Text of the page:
Why the hell China would attack Japan and South Korea first? In the most relevant scenario now, we're talking about Japan potentially joining the party in a Taiwan scenario, which constitutes a Japan-attack-first. Just because Japan or South Korea have SSN does not mean China would go WMD whenever there is a conflict. You're making China a North Korea - actually, even North Korea wouldn't use WMD against Japan or South Korea in the first go or under most circumstances.

I don't understand your logic.




What kind of "Chinese aggression" are you talking about? Australia specifically says they're very likely to participate hostilities against China in Taiwan contingency. That's not a "Chinese aggression" no matter how you spin the situation.

As for Australia's SSN, which they may or may not have in twenty years, it's not an imminent threat to China anytime soon if at all. When it does come, China will deal with Australia properly. The discussion so far is more or less theoretical.



The Americans have been trying to make a very sexy and self-serving argument that if the US leave Asia, Japan or even SK would arm themselves with nuclear weapons. Or put it another way, it's the presence of US military in Asia that guarantees the peace in Asia and that the US hegemony in Asia is in fact in the interest of China. Seriously.

In fact, if were it not for the US, China, Japan and South Korea would have long signed tri-lateral free trade agreement. The three countries would have long sought ways to manage their relationships better.

Finally, don't make it sound it like Japan and/or South Korea having nuclear weapons are so threatening to China. China will always be so much more powerful in every respect than Japan or South Korea whether they have nuclear weapon or not. In fact, if there should be situation that threaten China's interest and a military conflict is likely, China would have no problem to use force to defend its interet with conventional military force. Don't think so? Check with India. So to make it like if Japan or South Korea had nuclear weapons, they would dominate China or anything like that,is more an emotional play.

China has no desire or plan to invade Japan or South Korea.
What do you expect coming from @Mr T that dude took a vacation from posting on this forum and now that he's back from a self-imposed exile he's just back to how he's always operated which is to use every western arguments against China. Just watch he summarily and wryly dismiss China’s concerns as nothing more than a by product of the "See See Pee" evil intentions.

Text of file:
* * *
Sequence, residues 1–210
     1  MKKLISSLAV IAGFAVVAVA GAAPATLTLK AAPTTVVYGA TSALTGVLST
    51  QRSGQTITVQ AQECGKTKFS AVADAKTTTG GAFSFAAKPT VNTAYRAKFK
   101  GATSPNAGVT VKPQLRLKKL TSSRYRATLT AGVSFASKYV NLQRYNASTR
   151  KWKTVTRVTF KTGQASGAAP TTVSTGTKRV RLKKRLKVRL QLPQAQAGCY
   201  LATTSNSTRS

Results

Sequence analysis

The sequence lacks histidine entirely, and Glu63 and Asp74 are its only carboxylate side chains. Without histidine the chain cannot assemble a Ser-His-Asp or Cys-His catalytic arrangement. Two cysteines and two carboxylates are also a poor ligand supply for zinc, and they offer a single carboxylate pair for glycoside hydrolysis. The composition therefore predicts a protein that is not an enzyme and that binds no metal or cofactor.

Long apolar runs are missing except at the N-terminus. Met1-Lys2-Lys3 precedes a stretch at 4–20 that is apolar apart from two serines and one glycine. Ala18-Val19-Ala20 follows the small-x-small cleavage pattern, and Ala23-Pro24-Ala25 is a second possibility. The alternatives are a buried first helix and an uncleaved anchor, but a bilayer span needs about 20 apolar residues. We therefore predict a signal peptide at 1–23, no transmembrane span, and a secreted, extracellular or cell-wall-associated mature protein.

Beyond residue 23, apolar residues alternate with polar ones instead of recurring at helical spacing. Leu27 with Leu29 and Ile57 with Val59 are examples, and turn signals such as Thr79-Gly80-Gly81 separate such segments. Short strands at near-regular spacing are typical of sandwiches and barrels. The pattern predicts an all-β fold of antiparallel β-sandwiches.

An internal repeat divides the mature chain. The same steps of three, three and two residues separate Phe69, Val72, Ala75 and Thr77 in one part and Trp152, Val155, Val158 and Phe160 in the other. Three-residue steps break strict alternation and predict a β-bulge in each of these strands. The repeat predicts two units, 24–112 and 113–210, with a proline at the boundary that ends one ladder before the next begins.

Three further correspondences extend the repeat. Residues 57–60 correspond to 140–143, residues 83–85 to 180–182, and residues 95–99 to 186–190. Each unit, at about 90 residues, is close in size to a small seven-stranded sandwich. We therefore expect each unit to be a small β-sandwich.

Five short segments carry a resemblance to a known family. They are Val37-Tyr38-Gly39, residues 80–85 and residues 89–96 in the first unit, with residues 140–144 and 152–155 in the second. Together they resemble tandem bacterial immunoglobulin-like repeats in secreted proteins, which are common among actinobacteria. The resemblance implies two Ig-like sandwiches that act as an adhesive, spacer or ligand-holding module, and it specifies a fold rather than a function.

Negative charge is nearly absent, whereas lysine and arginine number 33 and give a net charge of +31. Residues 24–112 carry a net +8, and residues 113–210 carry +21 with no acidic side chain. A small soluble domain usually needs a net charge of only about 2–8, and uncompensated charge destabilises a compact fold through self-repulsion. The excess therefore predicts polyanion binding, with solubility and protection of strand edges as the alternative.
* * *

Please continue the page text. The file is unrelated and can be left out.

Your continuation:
I never expect any nuance argument from that dude. It's all about if the See See Pee didn’t do X,Y,Z then all the problems of the world wouldn't be happening. How the heck do you reason with people that thinks the way he does.
 

Mr T

Senior Member
Why the hell China would attack Japan and South Korea first?
Because, depending on the circumstances, it could be strategically advantageous to do so.

China has a huge stockpile of first-strike (conventional) weapons, more than Japan and South Korea combined. There's no reason for either to attack first and not only face the Chinese response but also lose the moral high ground.

Can you safely say no Chinese government in the future would decide a first strike would help it win a conflict? Do you even know who's going to succeed Xi or the rest of the Standing Committee? Xi isn't going to live forever.

In the most relevant scenario now, we're talking about Japan potentially joining the party in a Taiwan scenario, which constitutes a Japan-attack-first.
Japan getting involved in a Taiwan war is not necessarily an attack on China. Japan's involvement could fall within a huge range, and none of them would be likely to involve a first strike on China.

If China wanted to wait until the US and other countries like Japan had formally announced a military intervention before firing a single missile, fair enough. But that would give up an advantage that a first strike has, and potentially pass the initiative to the US/Coalition. It's very possible, I would say more likely than not, that China would assume an outside intervention would happen and make attacks on Okinawa, Guam and elsewhere first. An attack on Okinawa would be an attack on Japan.

Just because Japan or South Korea have SSN does not mean China would go WMD whenever there is a conflict.
That's a strawman from you. I never said it would. I said that it would be extreme to use WMD against non-nuclear nations. Nuclear weapons are to deter nuclear conflict, not win conventional wars.
What kind of "Chinese aggression" are you talking about?